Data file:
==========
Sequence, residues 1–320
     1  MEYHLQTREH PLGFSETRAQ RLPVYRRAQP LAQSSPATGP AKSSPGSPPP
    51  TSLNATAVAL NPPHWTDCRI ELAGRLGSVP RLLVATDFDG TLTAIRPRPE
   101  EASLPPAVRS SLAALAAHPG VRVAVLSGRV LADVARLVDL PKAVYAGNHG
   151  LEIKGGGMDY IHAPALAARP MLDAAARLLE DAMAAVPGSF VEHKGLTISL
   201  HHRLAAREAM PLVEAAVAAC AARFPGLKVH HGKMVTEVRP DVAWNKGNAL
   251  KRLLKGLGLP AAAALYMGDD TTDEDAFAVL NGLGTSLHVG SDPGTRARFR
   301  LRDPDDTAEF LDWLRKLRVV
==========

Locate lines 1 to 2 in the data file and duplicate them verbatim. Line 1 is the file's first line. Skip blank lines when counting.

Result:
Sequence, residues 1–320
     1  MEYHLQTREH PLGFSETRAQ RLPVYRRAQP LAQSSPATGP AKSSPGSPPP